Tuesday, March 13, 2012, 09:56 am
Apple avoids showcasing Google Maps in promotional material for new iPadAs further evidence that Apple plans to transition away from Google Maps in iOS, the company uploaded to its Web servers but chose not to publish images of Google's mapping data on the new iPad.
On the "Features" section of Apple's website promoting the new iPad, the company has a side-by-side comparison simulating the iPad 2 display as compared to the Retina display on the new iPad. The site showcases three iOS applications: iBooks, Photos and Mail.
Viewing the file names of the "Retina Gallery" images shows that they are identified with numbers. AppleInsider reader Pierre-Arnaud pointed out on Tuesday that the iBooks images are labeled as "1" and screenshots of "Photos" are "2," but the images of the Mail application are saved with the "retina_gallery_4" filename.
That means the JPG files labeled "3" were originally planned as part of the imagery, but were eventually left out of the promotional material on the finalized website.
However, the filename for "retina_gallery_3" can be manually entered into a Web browser to access the images that Apple uploaded to its website. These show that the files labeled "3" were actually screenshots of the Maps application running on iOS.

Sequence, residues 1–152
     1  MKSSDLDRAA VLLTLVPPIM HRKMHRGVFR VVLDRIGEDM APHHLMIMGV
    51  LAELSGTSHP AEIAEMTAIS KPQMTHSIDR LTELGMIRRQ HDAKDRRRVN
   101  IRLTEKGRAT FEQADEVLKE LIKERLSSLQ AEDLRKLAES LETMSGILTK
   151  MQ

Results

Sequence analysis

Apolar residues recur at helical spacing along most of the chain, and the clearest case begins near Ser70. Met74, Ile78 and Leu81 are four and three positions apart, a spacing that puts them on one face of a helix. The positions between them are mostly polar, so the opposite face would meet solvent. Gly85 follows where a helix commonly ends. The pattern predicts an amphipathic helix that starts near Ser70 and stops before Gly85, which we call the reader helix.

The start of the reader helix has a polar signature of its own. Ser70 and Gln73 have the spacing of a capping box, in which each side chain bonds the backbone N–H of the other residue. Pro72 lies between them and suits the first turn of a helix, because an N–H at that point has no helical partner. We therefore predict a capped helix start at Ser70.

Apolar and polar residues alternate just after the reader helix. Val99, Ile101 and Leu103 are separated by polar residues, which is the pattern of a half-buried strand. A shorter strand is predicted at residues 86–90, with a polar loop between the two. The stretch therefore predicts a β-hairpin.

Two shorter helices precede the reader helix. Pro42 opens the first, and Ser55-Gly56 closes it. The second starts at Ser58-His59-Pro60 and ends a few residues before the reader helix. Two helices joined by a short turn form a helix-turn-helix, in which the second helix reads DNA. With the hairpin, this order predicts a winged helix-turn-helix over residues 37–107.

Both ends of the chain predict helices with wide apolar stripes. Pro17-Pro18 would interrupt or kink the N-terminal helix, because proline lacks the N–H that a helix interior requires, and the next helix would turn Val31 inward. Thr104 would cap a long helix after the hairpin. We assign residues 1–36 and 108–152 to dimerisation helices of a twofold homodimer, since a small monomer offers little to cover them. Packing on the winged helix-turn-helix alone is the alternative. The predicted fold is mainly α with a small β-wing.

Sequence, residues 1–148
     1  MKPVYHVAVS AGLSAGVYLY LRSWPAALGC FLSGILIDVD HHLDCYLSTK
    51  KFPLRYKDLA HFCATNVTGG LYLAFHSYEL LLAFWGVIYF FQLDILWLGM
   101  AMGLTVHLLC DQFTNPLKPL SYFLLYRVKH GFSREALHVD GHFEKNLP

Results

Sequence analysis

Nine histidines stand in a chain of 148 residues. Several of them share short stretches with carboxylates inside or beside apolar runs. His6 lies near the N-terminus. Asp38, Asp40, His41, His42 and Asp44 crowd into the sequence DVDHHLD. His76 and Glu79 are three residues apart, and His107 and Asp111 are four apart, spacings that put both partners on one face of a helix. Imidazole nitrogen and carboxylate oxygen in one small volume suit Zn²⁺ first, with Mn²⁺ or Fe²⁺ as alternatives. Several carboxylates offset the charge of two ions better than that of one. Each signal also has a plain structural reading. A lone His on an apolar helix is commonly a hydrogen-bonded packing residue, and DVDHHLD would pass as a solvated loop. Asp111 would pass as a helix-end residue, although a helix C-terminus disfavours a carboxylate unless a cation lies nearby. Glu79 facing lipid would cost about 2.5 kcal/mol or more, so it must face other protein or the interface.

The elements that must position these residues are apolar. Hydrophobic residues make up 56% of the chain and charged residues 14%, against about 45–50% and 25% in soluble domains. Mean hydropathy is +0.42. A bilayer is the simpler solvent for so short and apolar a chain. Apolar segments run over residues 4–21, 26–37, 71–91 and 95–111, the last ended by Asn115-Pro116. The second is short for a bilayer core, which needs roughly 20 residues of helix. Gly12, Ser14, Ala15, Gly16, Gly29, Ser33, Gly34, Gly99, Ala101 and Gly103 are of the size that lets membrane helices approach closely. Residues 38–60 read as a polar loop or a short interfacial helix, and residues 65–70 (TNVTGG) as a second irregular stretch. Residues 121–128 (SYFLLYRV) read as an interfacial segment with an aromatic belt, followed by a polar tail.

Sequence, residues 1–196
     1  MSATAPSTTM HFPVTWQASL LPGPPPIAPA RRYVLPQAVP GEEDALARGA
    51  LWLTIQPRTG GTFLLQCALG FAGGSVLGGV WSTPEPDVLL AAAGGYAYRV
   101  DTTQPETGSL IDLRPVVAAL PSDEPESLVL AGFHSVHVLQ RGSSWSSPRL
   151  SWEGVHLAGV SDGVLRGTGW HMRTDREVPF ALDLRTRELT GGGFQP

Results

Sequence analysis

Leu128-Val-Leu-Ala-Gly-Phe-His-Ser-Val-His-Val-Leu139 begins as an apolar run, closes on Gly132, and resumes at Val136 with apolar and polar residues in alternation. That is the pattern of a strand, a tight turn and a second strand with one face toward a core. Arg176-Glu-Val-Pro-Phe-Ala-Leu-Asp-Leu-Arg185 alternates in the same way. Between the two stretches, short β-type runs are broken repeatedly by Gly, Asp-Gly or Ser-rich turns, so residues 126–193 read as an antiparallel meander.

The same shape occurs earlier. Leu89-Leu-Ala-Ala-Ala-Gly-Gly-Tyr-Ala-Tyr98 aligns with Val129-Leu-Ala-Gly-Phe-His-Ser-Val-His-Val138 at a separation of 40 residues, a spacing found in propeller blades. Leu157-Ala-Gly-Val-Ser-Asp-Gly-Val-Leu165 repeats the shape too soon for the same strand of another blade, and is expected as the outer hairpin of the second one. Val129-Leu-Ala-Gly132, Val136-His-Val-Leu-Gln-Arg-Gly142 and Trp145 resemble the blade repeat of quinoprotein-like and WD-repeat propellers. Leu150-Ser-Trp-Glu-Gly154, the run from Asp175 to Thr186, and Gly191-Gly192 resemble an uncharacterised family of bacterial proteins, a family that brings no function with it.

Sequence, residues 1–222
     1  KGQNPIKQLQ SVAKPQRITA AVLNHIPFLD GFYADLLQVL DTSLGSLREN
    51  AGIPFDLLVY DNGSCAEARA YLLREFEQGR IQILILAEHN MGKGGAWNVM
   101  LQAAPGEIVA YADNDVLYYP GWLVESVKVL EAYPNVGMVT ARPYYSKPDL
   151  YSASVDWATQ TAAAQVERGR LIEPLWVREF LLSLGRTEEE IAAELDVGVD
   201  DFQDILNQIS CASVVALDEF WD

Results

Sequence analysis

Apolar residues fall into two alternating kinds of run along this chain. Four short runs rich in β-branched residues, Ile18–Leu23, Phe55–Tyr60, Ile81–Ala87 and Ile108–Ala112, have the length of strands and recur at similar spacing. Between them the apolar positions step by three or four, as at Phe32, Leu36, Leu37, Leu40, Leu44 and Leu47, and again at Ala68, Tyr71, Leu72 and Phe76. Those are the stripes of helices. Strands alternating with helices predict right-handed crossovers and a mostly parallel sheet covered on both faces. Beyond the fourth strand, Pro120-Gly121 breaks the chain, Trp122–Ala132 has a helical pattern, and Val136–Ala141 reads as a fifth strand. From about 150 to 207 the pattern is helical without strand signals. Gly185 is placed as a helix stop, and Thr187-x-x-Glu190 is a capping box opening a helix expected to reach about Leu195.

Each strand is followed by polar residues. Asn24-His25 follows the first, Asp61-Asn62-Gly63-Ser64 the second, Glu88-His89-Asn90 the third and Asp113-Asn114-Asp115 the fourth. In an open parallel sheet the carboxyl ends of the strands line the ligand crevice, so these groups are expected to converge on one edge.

The uploaded-but-unpublished screenshot shows directions from the Louvre Museum in Paris, France, to the Eiffel Tower via Google Maps for iPad.
The specific exclusion of Maps from the promotional material is noteworthy because Apple's map software for iOS still relies on mapping data from Google. There have been numerous indications that Apple plans to transition away from Google Maps in iOS in favor of its own mapping solutions.
Most recently, Apple chose not to use Google Maps for mapping data in the new iOS version of iPhoto. Instead, Apple has implemented data from the OpenStreetMap Foundation.
Apple has also acquired a number of mapping companies in recent years, including Poly9 in 2010 and Placebase in 2009. The company also revealed in 2010 that Apple had begun using its own databases for location-based services, although it continues to rely on Google for maps and the Street View feature.
Apple even publicly revealed last year that it is working on an "improved traffic service" for the iPhone, based on location-based data it has been collecting. The "crowd-sourced traffic database" has been tested by Apple with anonymous traffic data it has collected from iPhone users.
Further potential justification for Apple to transition away from Google Maps came last year, when Google announced also announced it will begin to charge partners who heavily use its Maps application programming interface. The search giant will charge $4 per 1,000 views for partners who serve up more than 25,000 uses per day of the Google Maps API.
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